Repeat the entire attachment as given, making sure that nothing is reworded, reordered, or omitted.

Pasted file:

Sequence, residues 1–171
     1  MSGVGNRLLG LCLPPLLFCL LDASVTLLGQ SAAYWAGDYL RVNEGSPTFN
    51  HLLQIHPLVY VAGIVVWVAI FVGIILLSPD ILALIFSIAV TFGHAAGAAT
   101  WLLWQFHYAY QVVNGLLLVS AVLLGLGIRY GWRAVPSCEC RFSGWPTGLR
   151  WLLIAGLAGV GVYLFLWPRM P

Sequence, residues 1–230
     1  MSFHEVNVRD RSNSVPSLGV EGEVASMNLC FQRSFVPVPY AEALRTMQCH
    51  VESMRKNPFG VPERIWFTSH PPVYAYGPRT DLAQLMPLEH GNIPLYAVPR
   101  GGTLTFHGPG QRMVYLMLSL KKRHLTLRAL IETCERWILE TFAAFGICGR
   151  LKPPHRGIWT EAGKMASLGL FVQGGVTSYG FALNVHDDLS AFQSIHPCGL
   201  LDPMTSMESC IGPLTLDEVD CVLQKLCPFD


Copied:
Sequence, residues 1–171
     1  MSGVGNRLLG LCLPPLLFCL LDASVTLLGQ SAAYWAGDYL RVNEGSPTFN
    51  HLLQIHPLVY VAGIVVWVAI FVGIILLSPD ILALIFSIAV TFGHAAGAAT
   101  WLLWQFHYAY QVVNGLLLVS AVLLGLGIRY GWRAVPSCEC RFSGWPTGLR
   151  WLLIAGLAGV GVYLFLWPRM P

Sequence, residues 1–230
     1  MSFHEVNVRD RSNSVPSLGV EGEVASMNLC FQRSFVPVPY AEALRTMQCH
    51  VESMRKNPFG VPERIWFTSH PPVYAYGPRT DLAQLMPLEH GNIPLYAVPR
   101  GGTLTFHGPG QRMVYLMLSL KKRHLTLRAL IETCERWILE TFAAFGICGR
   151  LKPPHRGIWT EAGKMASLGL FVQGGVTSYG FALNVHDDLS AFQSIHPCGL
   201  LDPMTSMESC IGPLTLDEVD CVLQKLCPFD